Are you singing the song now?
‘Dem Bones, Dem Bones, Dem Dry Bones’ – did you know that was a spiritual song inspired by the Bible when Ezekiel visited ‘The Valley of the Dry Bones’?
No, neither did I until I Googled it.
Fitting in with our theme of the month Posture – today I want to talk to you about your bones, and why you definitely don’t want to pay your own personal visit to ‘The Valley of the Dry Bones’.
Good Posture is reliant on good bones.
Did you know, if you’re a women over the age of 50, you have a 40% chance of suffering from an osteoporotic fracture. That’s higher than your risk of contracting breast cancer and ovarian cancer. Even worse, 50% of the osteoporotic hip fracture patients never fully regain independence and more than 20% will die within 6 months.
That’s a bit of a bleak warning!
If you’re a man reading this and thinking that it doesn’t apply to you, it also affects 25% of men over the age of 50.
Your bone health matters, and it matters very much.
From when we’re born until around our mid twenties our bones are laying down mass, and our goal during that period is to lay down as much bone mass as possible to see us through. From our mid 20’s until our 50’s the density of our bones is pretty stable – the goal during this period is to maintain the bone mass that we laid down earlier on.
For us women, we also have menopause to contend with, this also exaggerates the rate of bone loss, great eh?
What can we do to prevent bone mass loss?
Well, there’s dietary things you can do. We’ve all heard about eating more calcium – but its not quite that simple (is anything ever?).
As we get older our body can’t get the calcium out of foods as well as it used to be able to, this is called ‘bio-availability’. Even if you think you’re getting 500 to 1000mg of calcium from a meal or supplement – the chances are you’re not and that most of it is heading down the toilet.
One interesting theory that I’ve recently read of increasing the bio-availability of calcium is, you should try to increase the pH of your gastrointestinal system by eating foods that the bacteria in your gut love – fibre!
The theory is, once in the colon, fibre is broken down by the bacteria which results in short chain fatty acids and lactic acid. These acids then make the colon more acidic, which increases the solubility of the calcium, making it easier for the body to absorb and use.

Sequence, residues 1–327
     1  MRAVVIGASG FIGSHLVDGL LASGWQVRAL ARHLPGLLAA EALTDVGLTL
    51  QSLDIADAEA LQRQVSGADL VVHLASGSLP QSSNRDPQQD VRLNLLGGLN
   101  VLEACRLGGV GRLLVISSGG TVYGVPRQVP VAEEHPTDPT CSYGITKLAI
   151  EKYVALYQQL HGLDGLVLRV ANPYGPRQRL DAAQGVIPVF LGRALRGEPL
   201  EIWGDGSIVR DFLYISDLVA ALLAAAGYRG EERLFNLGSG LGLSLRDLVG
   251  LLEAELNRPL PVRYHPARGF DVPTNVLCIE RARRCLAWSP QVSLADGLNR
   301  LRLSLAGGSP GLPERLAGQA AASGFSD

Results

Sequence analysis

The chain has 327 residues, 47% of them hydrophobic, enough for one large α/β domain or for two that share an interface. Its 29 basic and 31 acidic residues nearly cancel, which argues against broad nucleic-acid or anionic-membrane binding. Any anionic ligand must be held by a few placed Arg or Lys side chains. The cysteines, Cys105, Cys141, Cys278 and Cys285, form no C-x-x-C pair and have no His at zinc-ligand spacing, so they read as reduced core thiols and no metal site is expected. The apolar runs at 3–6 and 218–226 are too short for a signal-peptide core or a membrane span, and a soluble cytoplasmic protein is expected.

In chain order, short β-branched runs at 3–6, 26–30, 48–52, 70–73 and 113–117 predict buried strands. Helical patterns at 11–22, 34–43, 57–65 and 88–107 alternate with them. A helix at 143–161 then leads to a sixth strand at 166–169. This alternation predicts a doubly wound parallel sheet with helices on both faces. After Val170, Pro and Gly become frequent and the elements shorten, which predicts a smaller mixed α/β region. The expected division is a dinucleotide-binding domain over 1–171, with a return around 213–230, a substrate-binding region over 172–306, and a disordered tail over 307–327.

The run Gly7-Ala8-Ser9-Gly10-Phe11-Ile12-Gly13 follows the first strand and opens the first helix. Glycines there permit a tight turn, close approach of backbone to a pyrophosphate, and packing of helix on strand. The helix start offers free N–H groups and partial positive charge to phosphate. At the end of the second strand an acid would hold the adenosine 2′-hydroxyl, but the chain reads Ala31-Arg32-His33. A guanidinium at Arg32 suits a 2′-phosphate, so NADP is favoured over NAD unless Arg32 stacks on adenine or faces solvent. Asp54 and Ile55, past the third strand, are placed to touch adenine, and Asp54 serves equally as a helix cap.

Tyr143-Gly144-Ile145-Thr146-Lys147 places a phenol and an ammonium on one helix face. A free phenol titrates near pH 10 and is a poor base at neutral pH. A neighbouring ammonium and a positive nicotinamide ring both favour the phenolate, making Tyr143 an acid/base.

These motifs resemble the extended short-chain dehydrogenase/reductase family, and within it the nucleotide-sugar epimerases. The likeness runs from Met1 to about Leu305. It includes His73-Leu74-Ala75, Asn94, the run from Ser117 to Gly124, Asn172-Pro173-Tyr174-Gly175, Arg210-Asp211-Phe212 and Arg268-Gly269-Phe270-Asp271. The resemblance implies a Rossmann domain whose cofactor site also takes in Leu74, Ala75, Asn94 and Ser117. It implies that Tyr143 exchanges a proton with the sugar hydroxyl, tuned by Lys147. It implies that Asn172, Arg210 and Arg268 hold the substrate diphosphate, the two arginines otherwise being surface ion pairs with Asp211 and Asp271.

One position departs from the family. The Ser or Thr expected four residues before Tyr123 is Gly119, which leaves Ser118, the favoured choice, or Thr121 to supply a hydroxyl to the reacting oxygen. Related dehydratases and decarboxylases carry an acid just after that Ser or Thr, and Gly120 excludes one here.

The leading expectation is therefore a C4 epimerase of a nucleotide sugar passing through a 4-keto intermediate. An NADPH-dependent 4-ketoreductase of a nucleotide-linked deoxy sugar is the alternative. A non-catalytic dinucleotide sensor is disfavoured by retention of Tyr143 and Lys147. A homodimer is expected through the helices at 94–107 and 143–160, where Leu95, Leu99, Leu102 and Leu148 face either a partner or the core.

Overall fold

This means more calcium is absorbed and less is excreted by the body.
Two particular species of bacteria that you specifically want to increase are ‘bifidobacteria’ and ‘lactibacillus’.
And the foods that these bacteria love are onions, garlic, artichokes and asparagus – so by increasing these types of food in your diet could help to build stronger bones.
(This month in ‘Core Club’ we’re reading ‘10% Human’ by Alanna Collen, which is all about gut health).
Types of Exercise for better bone health
Of course I’m going to bang my exercise drum for bone health!
And guess what types of exercise are good;
1. Strength Training – get lifting some weights, kettlebells, or using a resistance band. Weight training will strengthen your muscles which will pull on your bones and literally make them stronger.
2. Back Extension Work – yes, the good old ‘Prone Cobra’ or our Pilates ‘Exercise of the month’ that we’ve been doing in classes – ‘Double Leg Pull Prone’. Not only great for Posture – but counters that pull towards foetal position that we all get from sitting too long in the same position.
Have I convinced you to have a think about your bone health?
If you’d like to join my ‘Core Club’ where I post weekly workouts, there’s also nutrition plans, recipes, bookclub, interesting articles and obviously workouts of all types, abilities and lengths. And the 1st Month is FREE.
You can find out more and sign-up by clicking here.
Have a great week everyone.
See you at the mat.
Don’t forget all classes are off for half term, week commencing 28th October.